WORDS: MEAGHAN FROH METCALF
We like to think that Culture Days is a unique model for arts and culture engagement, but a remarkably similar campaign exists in the United Kingdom called Get Creative. Over the past few months, Culture Days has connected with the staff at Get Creative and had the chance to learn more about their participatory model. We were continuously surprised at the similarities between both organizations.
Entering into its third year, the Get Creative Festival aims to inspire everyday creativity and celebrate the many different kinds of art and culture happening across the United Kingdom. Taking place each spring, the festival invites the public to participate in free or low-cost cultural programming in their local communities. Any artist, club, theatre, museum or gallery is invited to coordinate programs to take place over the festival week. Similar to Culture Days, there is a huge variety of activities to try – from hand-bell ringing to knitting circles and pottery classes to comic book workshops. Sound familiar?
In June 2018, Stephen James Yeoman, one of the organizers of Get Creative UK and Editor of Digital Development and Innovation from BBC, visited the Culture Days office in Toronto and we were incredibly excited to learn from each other. The following is an interview that took place with both Stephen and Aubrey Reeves, the Executive Director of Culture Days.
How was your organization started?
Stephen James Yeoman: Get Creative was a result of the Warwick Commission on the Future of Cultural Value, organized through the University of Warwick. A study was developed to see how arts and culture organizations could work better together to benefit the sector as a whole. One of the major recommendations that came out of the study was that the BBC lead a public-facing campaign to encourage the volunteer sector to promote arts and creativity. A steering committee of cultural organizations was appointed to work with the BBC to develop a strategy. Get Creative is the result of this steering committee.
Aubrey Reeves: That is a very similar origin story to Culture Days! Since 1997, a program very similar to Culture Days has existed in Quebec called Les Journées de la culture. In 2007, the Canadian Arts Summit commissioned a study of Les Journées to see if it was a model that could be adopted by the rest of Canada. In 2008 and 2009, Alberta and Ontario ran pilot projects in select communities to see how adaptable the model was in these provinces. Following these test runs, The Canadian Arts Summit with founding partners, the Canada Council for the Arts, Culture pour tous and The Banff Centre, launched the first Culture Days weekend nationally in 2010 and now we will be heading in to our 10-year anniversary in 2019!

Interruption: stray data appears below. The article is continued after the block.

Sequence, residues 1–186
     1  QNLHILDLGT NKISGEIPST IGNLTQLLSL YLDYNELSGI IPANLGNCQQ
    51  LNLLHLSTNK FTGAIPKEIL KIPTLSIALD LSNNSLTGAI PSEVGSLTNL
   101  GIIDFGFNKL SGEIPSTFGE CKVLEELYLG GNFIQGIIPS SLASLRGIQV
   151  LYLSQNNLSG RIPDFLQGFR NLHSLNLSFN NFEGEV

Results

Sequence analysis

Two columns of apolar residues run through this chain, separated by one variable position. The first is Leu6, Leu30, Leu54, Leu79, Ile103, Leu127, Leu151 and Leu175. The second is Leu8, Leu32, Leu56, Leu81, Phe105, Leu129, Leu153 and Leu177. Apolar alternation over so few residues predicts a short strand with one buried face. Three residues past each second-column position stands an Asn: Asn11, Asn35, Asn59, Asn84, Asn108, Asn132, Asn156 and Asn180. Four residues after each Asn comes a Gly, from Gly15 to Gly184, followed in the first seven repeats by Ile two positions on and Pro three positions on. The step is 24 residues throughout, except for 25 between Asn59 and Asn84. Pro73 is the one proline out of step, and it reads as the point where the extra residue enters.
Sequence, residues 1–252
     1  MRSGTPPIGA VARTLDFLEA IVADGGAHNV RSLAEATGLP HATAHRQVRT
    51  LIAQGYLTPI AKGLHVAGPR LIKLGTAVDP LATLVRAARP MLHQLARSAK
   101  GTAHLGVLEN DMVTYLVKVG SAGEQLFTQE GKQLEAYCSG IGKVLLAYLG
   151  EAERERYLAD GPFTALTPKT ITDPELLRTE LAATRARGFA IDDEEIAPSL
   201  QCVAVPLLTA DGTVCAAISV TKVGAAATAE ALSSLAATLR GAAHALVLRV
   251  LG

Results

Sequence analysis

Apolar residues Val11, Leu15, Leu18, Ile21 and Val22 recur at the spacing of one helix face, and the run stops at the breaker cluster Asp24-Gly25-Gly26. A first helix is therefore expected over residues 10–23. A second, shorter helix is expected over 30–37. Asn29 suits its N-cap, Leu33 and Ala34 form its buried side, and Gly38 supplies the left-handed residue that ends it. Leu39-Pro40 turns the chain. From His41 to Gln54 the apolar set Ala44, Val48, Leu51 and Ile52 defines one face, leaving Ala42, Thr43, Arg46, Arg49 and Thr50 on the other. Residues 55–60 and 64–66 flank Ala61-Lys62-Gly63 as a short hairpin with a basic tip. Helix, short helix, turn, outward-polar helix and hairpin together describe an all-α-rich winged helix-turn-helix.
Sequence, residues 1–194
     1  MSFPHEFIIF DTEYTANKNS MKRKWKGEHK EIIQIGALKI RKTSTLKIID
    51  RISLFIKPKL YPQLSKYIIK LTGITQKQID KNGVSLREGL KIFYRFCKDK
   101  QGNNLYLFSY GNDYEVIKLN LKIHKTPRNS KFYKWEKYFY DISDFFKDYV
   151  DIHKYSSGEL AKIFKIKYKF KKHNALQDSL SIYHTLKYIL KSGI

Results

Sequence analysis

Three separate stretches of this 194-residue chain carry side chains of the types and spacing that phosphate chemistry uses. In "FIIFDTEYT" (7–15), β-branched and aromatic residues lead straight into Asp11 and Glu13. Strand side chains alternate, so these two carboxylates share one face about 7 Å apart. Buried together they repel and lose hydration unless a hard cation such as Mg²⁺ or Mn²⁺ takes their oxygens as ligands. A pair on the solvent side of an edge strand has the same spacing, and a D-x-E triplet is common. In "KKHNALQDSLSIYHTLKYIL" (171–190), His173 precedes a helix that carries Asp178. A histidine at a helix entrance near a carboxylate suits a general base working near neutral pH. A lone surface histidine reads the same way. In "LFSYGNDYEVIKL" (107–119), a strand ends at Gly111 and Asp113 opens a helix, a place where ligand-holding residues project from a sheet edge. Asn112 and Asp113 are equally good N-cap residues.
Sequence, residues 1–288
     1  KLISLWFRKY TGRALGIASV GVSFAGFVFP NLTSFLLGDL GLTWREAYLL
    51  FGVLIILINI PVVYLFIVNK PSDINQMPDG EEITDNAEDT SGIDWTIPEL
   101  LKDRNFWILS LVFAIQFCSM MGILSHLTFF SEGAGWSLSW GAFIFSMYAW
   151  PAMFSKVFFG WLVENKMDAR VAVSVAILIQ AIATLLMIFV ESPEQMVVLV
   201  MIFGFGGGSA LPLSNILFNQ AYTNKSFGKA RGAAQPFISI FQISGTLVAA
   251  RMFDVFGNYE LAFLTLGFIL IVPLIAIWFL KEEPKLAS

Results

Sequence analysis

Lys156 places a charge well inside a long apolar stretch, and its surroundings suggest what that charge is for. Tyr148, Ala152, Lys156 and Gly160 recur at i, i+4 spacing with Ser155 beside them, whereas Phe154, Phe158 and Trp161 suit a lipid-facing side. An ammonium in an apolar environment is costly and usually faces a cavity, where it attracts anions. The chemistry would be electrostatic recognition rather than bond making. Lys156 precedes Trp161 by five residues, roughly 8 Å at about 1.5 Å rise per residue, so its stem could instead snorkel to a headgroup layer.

One of the keys to its success has been the real sense of togetherness created through participating in Culture Days. People from all across the country seems to really value the feeling of collectively participating in culture at the same time.
SJY: Yes, both of our organizations evolved to a very similar place. Clearly there is a need for celebrating culture and togetherness.
How do you encourage participation from all over the country?
AR: The decentralized leadership has been very important to the success of Culture Days. The national office helps to develop the language and direction of the campaign each year while the provinces support and encourage the organization of events in their own regions. The provincial staff work with community organizers to ensure the programs get off the ground. As each province is so different, this structure helps to ensure the needs of each area are being met. It is important for Culture Days to be adaptable to the requirements and interests of each community, so our community leads are vital in helping with that free-flow of information.
The development of these relationships took time. In the beginning, provincial leads were literally just calling different municipalities and cultural organizations to let them know about this new initiative. It is through the years that we have developed strong advocates for Culture Days who help to promote participation from arts organizations and drive public attendance.